Magnolia Flower

I love the start of spring here in Victoria, the blossom on the trees and the awakening of plant life. One flower to mark the start of Spring in the magnificent Magnolia. Did you know you can eat them? People use the bark and flower buds to make medicine as well.

Magnolia is used for weight loss, problems with digestion, constipation, inflammation, anxiety, stress, depression, fever, headache, stroke, and asthma.

Magnolia flower bud is used for stuffy nose, runny nose, common cold, sinus pain, hay fever, headache, and facial dark spots.

Some people apply magnolia flower bud directly to the gums for toothaches.

In rub-on skin care products, magnolia flower bud extract is used as a skin whitener and to minimize or counteract skin irritation caused by the other ingredients.

In traditional Chinese and Japanese (Kampo) medicine, magnolia bark is an ingredient in Hange-koboku-to, which is composed of 5 plant extracts, and in Saiboku-to, which is composed of 10 plant extracts. These extracts are used to decrease anxiety and nervous tension and to improve sleep. Some researchers believe honokiol, a chemical in magnolia bark, is what makes these medicines work.

Here are all of the things I made with Magnolia flowers –

Pickled Magnolia Flowers


  • 80-100 grams magnolia petals, freshly picked

  • 150 ml Apple cider vinegar

  • 50 grams sugar

  • 0.5 tsp salt


    • Measure the vinegar by volume and add the weighed sugar and the salt to it.

    • Heat the pickling liquid gently and stir until the sugar has melted in. You can do this on the stove top or in a microwave – I heated mine for 30 seconds, stirred, and heated again for another 30 seconds.

    • Taste the pickling liquid to check if the balance between sweet and sharp is to your tastes. If not, add a little more vinegar or sugar, as needed. 

    • Carefully break the petals off the flower at their base. Discard everything but the petals and place in sterilised jar

      Pour the pickle brine over the petals and in 3 days your pickles are ready.


Magnolia Bud Honey

Place the magnolia buds in a jar and pour over a raw honey, store in a cool dark place for at least 6 weeks to infuse.

Dried Magnolia buds

Dry the magnolia buds and store in a air tight container to use as a delicious fragrant herbal tea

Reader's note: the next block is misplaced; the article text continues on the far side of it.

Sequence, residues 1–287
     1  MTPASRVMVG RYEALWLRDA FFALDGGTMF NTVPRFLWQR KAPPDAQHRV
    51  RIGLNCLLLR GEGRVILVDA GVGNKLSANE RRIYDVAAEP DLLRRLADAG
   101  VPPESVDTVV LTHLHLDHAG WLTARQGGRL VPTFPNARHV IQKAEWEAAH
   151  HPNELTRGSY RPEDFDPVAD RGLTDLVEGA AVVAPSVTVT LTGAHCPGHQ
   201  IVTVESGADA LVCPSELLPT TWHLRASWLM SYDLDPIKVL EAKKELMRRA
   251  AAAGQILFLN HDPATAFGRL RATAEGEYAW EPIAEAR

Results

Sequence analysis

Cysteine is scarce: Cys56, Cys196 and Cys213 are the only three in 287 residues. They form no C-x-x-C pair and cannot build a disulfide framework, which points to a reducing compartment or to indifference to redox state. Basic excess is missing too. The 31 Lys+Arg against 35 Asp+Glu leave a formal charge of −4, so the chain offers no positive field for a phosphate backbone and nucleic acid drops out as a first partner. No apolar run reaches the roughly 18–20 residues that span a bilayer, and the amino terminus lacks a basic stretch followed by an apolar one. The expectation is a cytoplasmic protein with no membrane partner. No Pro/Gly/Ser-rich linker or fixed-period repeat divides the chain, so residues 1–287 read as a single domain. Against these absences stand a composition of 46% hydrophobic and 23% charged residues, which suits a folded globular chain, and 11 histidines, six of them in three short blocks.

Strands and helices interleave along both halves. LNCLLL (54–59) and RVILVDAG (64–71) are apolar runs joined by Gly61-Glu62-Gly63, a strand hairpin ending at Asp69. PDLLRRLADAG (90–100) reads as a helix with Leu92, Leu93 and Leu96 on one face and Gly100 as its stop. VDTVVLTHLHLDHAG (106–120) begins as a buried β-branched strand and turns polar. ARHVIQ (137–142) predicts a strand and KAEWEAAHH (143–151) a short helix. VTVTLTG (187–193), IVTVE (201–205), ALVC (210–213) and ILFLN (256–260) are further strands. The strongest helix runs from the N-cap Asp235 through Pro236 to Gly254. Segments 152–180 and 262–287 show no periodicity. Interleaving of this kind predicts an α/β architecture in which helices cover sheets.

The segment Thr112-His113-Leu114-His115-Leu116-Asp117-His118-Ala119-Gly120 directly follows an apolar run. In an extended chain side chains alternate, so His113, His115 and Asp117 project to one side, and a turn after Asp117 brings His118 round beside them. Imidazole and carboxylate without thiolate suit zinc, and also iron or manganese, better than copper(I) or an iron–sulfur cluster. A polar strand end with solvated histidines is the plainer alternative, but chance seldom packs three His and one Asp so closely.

Magnolia Petal Jam


  • 2 cups lightly packed, sliced magnolia petals
  • 1 1/2 cups of filtered water
  • 2 cups organic cane sugar or jaggery (unrefined cane sugar)
  • 3 tablespoons fresh lemon juice
  • 1 teaspoon fruit pectin or jam setter


    1. Place water and petals in a saucepan. Bring to a gentle simmer for 10 minutes, uncovered.
    2. Add 1 ¾ c of sugar into the simmering petals. Stir to dissolve the sugar crystals.
    3. Add freshly squeezed lemon juice. Pay attention to the gorgeous vibrant colour that emerges.
    4. Simmer 10 minutes over low heat.
    5. In a small bowl, combine the remaining ¼ cup sugar and pectin.
    6. While stirring the jam add the pectin/sugar mixture, sprinkle by sprinkle to ensure pectin incorporates without clumping.
    7. Simmer gently for 20 more minutes. It may seem quite loose for jam, but it will firm up as it sets but does remain more of a silky syrup with luscious bits of petals.
    8. This keeps for 2 months in the fridge, also freezes beautifully and canning is always a brilliant option.

Magnolia Syrup


  • 25 g magnolia flowers – unsprayed petals alone weigh 20g
  • 150 g golden granulated or golden caster sugar
  • 150 ml water


    • Strip the petals from the ovaries at the base.
    • Place sugar and water in a pan and place over a low heat until the sugar is fully dissolved.
    • Add the magnolia petals and leave uncovered to barely simmer for twenty minutes.
    • Strain the syrup through a sieve into a sterilised bottle. Seal and leave to cool.

How do they Taste?

Magnolia flowers have a gingery, buttery taste and texture. They also have a gentle perfume that is subtle but calming.

They are abundant at the end of Winter start of Spring so bookmark this page for next season. You’ll also notice that there is different varieties so try them all and find your favourite. If you are picking from a strangers tree, make sure you ask for permission first.

I’ll also be making a tincture with the flowers and distilling the flowers for hydrosol to use in skin care.